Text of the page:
Two earthquakes in two weeks test Italians' morale
Workers had just returned to a biomedical factory in Medolla when the second quake hit, causing their building to collapse. Some unions have criticized what they say is a lack of safety concern.
Milan, Italy — In Medolla, a small town of 6,000 in central Italy, some workers were afraid to go back to work after an earthquake shook the area last week.
When a second earthquake shook the same region yesterday, a biomedical factory in Medolla collapsed, leaving four dead and one missing. The factory had just reopened its doors after the first temblor.
“The psychological impact of having two earthquakes in a row is a tough one,” says Tommaso Della Longa, a spokesperson for the Italian Red Cross. “Now it's going to be very difficult for us to convince people to go back to their houses.”
The two earthquakes, which claimed at least 24 lives (seven from the first, 17 from the second), hit Emilia Romagna, a wealthy region in the plain known for its food exports and industrial production. This meant that rescue operations could be carried out smoothly, says Mr. Della Longa, especially when compared with the quake that devastated Abruzzo, a much poorer region in the Appennini mountains.
“Emilia Romagna is so well equipped, that after the first earthquake the local authorities could manage the first emergency situation by themselves, without help from the outside,” he says. “But after this new tremor, they need help.”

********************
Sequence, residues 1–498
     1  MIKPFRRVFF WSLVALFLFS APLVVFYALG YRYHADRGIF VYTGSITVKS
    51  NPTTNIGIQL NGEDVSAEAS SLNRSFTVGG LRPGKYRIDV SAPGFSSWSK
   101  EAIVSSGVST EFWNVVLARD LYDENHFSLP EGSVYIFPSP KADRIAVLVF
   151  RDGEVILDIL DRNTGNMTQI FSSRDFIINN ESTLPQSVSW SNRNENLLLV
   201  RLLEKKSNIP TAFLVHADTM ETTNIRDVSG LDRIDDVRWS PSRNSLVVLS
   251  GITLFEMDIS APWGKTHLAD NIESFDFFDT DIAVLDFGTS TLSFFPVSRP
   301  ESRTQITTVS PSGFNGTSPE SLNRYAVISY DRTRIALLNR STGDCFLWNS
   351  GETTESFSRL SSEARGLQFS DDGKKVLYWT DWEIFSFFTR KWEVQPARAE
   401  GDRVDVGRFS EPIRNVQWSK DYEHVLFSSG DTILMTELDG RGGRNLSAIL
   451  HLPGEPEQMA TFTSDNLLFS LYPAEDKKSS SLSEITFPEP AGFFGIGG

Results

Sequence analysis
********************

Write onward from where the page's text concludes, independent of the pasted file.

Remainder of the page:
Many of the buildings that have been severely damaged are factories, raising concerns about the impact on the economy of the region, which is one of the most productive in Italy, and about construction standards.
Yesterday, a prominent union leader criticized business owners for what she viewed as a lack of safety concerns. “They shouldn't have allowed people back to work so early, and I wonder whether factories had the appropriate security standards,” said Susanna Camusso, head of CGIL, Italy's major labor union. The local police have opened an inquiry on the collapse of Haemotronic.
Even before the two earthquakes, some had raised concerns about the state of Italy's infrastructure: According to a study published earlier in May, 6 million buildings in Italy are facing “grave seismic risks,” most of them quickly built after World War II.
Mr. Della Longa says that basic humanitarian needs, such as clean water and shelter, for those who have lost their homes are already covered, and he believes the main challenges are the economy and morale.
“First of all we have to make sure the earth has indeed stopped shaking, which we cannot control," Della Longa says. "Then we must verify that factories and houses are safe and help people overcome their fear and go back to their lives.”
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